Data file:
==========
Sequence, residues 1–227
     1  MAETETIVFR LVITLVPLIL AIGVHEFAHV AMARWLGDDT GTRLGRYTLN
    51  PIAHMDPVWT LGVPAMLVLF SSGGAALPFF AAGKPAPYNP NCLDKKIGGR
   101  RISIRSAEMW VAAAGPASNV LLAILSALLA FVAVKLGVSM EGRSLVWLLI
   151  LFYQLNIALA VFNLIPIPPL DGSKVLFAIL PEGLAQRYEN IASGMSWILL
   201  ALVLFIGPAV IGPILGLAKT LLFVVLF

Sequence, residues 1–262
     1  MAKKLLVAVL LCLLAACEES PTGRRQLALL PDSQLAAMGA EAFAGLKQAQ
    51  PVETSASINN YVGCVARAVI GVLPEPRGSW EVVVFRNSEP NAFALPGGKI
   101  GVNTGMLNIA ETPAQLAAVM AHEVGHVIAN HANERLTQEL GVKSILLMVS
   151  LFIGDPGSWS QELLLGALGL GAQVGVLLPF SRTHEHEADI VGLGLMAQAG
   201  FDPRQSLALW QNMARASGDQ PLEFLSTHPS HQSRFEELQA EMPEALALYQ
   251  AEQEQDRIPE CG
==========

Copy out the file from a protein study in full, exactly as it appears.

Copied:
Sequence, residues 1–227
     1  MAETETIVFR LVITLVPLIL AIGVHEFAHV AMARWLGDDT GTRLGRYTLN
    51  PIAHMDPVWT LGVPAMLVLF SSGGAALPFF AAGKPAPYNP NCLDKKIGGR
   101  RISIRSAEMW VAAAGPASNV LLAILSALLA FVAVKLGVSM EGRSLVWLLI
   151  LFYQLNIALA VFNLIPIPPL DGSKVLFAIL PEGLAQRYEN IASGMSWILL
   201  ALVLFIGPAV IGPILGLAKT LLFVVLF

Sequence, residues 1–262
     1  MAKKLLVAVL LCLLAACEES PTGRRQLALL PDSQLAAMGA EAFAGLKQAQ
    51  PVETSASINN YVGCVARAVI GVLPEPRGSW EVVVFRNSEP NAFALPGGKI
   101  GVNTGMLNIA ETPAQLAAVM AHEVGHVIAN HANERLTQEL GVKSILLMVS
   151  LFIGDPGSWS QELLLGALGL GAQVGVLLPF SRTHEHEADI VGLGLMAQAG
   201  FDPRQSLALW QNMARASGDQ PLEFLSTHPS HQSRFEELQA EMPEALALYQ
   251  AEQEQDRIPE CG